Radically humble, oriented towards group consensus rather than individual choice, the Amish are a challenge for the reporters who write about them.
Over the years, newspapers in areas that abut or are heavily populated by the Amish, like Lancaster, or the Delaware Valley, have developed ways of covering stories that respect the culture of this deeply private Christian group.
A conversation with an Amish individual is an opportunity to ask some questions, sensitively phrased, that will illuminate the subject at hand.
Thus it’s a bit odd to stumble across a story in which the AP reporter apparently had a chance to ask a few direct questions about a compelling and persistent sidebar in American’s ongoing church and state debate.
What happens when group members move into a new community and their beliefs clash with local laws? The topic in this case is the conflict that erupts when Amish don’t follow local building codes.
Instead, most of his article is fueled by quotes from lawyers, municipal officials, and Amish advocates.
The article starts promisingly –
Daniel Borntreger’s home looks like hundreds of other Wisconsin farmhouses: two-story A-frame, porch, clothes on the line.
But his home could cost him thousands of dollars in fines because the Amish farmer built the house himself, by Amish tradition but without a building permit.
His case is among at least 18 legal actions brought against Amish residents in Wisconsin and New York in the last year and a half for building without proper permits, according to court records, attorneys and advocates for the Amish.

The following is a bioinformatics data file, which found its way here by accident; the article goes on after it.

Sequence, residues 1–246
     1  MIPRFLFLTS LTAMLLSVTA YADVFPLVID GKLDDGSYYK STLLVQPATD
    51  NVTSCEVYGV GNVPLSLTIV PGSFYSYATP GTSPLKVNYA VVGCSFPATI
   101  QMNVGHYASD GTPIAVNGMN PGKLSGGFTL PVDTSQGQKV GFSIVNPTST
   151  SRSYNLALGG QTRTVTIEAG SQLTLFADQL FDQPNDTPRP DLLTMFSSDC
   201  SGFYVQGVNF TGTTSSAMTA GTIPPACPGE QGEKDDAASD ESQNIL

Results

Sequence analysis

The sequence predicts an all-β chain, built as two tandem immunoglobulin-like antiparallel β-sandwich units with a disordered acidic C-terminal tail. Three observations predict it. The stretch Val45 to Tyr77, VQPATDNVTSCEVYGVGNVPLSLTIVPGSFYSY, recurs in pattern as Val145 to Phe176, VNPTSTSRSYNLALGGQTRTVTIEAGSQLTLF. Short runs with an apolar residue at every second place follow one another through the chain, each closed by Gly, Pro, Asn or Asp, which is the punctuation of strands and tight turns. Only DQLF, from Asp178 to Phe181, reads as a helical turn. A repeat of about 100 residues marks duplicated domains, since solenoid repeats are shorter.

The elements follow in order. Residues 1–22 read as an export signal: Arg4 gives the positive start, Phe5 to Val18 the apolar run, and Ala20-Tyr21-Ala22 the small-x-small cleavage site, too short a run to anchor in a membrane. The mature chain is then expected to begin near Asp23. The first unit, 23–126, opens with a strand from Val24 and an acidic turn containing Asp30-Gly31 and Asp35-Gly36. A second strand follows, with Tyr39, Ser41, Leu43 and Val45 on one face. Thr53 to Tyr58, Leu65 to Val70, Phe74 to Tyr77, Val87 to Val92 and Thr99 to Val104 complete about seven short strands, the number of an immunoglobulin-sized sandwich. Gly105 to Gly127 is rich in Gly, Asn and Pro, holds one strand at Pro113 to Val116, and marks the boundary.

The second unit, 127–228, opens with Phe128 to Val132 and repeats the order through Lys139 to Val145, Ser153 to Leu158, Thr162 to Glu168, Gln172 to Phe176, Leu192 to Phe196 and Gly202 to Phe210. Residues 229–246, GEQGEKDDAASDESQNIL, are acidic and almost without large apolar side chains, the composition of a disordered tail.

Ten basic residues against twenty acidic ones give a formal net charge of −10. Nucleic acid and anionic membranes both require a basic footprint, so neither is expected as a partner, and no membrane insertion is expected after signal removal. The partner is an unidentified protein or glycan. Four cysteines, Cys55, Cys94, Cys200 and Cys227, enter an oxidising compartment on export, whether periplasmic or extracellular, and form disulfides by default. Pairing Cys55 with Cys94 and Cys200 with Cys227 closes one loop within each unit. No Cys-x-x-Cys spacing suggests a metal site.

The cases have sparked debates about where religion ends and government begins. Amish advocates – Amish won’t defend themselves – argue that the Amish belief that they must live apart from the world trumps regulations.
“The permit itself might not be so bad, but to change your lifestyle to have to get one, that’s against our convictions,” Borntreger said as he sat in his kitchen with his wife, Ruth.
Here’s what a journalist might have asked at this point. What is it about your convictions that is being violated by following local building ordinances and getting permits?
I’m not sure if the writer assumes that we know why Amish don’t comply with some civil laws, or that he didn’t get a chance to ask more questions.
A bit further into the article, the writer paraphrases a local municipal authority to illuminate the status of the Lancaster County Amish with regard to building codes.
In Pennsylvania, home to a large Amish population, liberal-leaning congregations have lobbied successfully for exemptions in the state building code, including permission to forgo electricity and quality-graded lumber, said Frank Howe, chairman of the board of supervisors in Leacock Township in Lancaster County.
What on earth does “liberal-leaning” mean when applied to the Amish? Or Howe talking about the Amish at all?
The writer does give us an interesting factoid: the number of Amish in the U.S. has doubled over the past 15 years.
In other words, these conflicts aren’t going away anytime soon, and probably reporters won’t stop writing about them.
As University of Michigan Professor Douglas Laycock suggests at the end of the article, the Amish can make a potent argument that they are entitled in the United States to continue to practice their religion freely.
Being Amish, of course, they must rely on “English” legal advocates and friends to do this for them.
But a few more quotes revealing the convictions at the “heart” of this story would have gone a long way to making it more than the clatter of discordant voices.
Picture of Amish buggy is from Wikimedia Commons